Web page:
One of the reasons to have hearings on legislation is so people who comb through it can point out hidden traps, ambiguous language, unintended consequences, etc. But large parts of the Senate bill on health care that went into law were written behind closed doors. And it shows.
Throughout the discussion about the bill, various proponents said that the law would immediately prevent insurance companies from denying coverage to children based on pre-existing conditions. And it does. What, apparently, it doesn't do is require insurance companies to cover children. At least that's what some insurance companies are reputed to be saying. Having heard this, Obama appointee Kathleen Sebelius wrote a threatening letter to the health insurance companies' trade association.
Interestingly, various Democratic Congressmen expressed outrage at the insurance companies for reading the law carefully and trying to figure out what they are and are not required to do. There's no report that the Congressmen are angry at themselves for their carelessness.
Even more interesting, three of the leading Democratic Congressmen who voted for the bill, Henry Waxman, Sander Levin, and George Miller, seem to be aware that maybe the insurance companies are right. On March 24, they wrote:
Under the legislation that Congress passed and the President signed yesterday, plans that include coverage of children cannot deny coverage to a child based upon a pre-existing condition. We have been assured by the Department of Health and Human Services that any possible ambiguity in the bill can be addressed by the Secretary with regulation.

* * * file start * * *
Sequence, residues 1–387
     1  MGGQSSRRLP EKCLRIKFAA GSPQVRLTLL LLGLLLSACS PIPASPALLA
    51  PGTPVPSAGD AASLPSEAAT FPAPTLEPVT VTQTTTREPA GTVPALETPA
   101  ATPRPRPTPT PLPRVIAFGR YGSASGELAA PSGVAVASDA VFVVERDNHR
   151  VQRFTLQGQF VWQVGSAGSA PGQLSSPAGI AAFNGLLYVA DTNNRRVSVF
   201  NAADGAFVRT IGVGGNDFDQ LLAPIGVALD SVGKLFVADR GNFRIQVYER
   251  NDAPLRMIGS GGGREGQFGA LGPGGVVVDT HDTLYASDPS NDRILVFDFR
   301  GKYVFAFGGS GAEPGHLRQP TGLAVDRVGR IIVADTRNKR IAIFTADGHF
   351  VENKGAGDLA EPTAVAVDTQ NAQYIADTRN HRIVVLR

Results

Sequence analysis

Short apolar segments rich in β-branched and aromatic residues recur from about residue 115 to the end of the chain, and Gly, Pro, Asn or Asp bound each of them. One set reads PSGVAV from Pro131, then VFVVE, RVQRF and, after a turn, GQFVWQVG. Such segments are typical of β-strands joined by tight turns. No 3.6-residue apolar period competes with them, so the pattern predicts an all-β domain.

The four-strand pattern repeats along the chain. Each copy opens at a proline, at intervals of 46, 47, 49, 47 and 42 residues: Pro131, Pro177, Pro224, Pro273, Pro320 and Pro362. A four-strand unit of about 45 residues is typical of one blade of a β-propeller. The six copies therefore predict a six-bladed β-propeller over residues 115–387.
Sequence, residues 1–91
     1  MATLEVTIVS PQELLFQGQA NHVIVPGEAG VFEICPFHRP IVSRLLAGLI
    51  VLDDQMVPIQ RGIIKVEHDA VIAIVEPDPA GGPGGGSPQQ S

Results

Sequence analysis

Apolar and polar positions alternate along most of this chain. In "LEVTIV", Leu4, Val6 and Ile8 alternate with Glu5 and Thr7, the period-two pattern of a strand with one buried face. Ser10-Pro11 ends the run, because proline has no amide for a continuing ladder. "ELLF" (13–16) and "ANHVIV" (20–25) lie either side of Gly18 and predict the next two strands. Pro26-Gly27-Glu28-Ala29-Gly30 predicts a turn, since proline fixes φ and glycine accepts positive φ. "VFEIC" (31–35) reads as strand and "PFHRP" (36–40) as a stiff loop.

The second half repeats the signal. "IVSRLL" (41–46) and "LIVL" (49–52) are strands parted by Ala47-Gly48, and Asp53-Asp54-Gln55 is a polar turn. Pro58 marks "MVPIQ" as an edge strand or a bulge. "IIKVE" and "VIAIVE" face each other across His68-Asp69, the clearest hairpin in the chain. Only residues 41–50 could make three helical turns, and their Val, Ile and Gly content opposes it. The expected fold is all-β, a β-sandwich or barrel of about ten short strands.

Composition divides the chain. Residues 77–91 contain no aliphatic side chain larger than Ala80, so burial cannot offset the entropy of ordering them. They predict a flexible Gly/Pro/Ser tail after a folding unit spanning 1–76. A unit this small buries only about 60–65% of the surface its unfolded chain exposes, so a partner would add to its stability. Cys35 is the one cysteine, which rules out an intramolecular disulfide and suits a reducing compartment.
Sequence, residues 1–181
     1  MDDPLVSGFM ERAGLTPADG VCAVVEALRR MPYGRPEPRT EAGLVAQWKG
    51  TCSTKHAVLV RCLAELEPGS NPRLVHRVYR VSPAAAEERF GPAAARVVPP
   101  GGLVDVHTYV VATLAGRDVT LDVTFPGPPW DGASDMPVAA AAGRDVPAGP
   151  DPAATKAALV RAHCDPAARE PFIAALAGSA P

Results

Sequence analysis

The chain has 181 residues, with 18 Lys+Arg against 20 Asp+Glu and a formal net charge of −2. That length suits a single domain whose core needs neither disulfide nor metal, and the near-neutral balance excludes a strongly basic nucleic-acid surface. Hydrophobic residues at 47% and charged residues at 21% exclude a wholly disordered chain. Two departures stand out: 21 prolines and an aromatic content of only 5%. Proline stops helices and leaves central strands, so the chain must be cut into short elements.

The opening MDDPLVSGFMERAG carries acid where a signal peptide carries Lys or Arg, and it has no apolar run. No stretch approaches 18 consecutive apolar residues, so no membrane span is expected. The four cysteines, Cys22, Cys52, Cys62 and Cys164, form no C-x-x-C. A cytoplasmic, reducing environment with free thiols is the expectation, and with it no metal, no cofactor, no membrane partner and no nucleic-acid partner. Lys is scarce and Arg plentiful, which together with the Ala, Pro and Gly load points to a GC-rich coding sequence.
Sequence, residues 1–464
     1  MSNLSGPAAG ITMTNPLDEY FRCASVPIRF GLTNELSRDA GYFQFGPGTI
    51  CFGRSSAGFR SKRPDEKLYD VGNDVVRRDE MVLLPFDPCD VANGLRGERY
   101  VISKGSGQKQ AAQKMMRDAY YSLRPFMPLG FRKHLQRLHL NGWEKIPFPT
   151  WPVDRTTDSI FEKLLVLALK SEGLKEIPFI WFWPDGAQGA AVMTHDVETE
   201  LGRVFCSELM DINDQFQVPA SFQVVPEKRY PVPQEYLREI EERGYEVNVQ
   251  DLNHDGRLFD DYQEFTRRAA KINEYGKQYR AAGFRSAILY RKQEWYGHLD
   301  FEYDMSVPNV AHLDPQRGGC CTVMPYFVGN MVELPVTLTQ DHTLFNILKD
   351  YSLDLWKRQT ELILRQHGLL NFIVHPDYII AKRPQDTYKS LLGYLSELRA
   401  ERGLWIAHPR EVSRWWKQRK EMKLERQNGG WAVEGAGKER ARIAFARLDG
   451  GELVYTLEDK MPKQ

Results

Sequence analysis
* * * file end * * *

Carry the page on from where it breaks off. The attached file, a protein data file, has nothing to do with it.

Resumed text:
Notice the first sentence. "[P]lans that include coverage of children cannot deny coverage to a child based upon a pre-existing condition." Duh. That's not at issue. The issue is whether the company is required to offer coverage to children. And the second sentence admits that there may be ambiguity.
Karen Ignagni, the head of the health insurance trade association, has caved and said that the companies will go along with what Sebelius wants. But so what? She doesn't make decisions for the individual companies. A company that wants to stick to the law as written instead of the law the Congressmen say they meant to write might well have a strong legal case.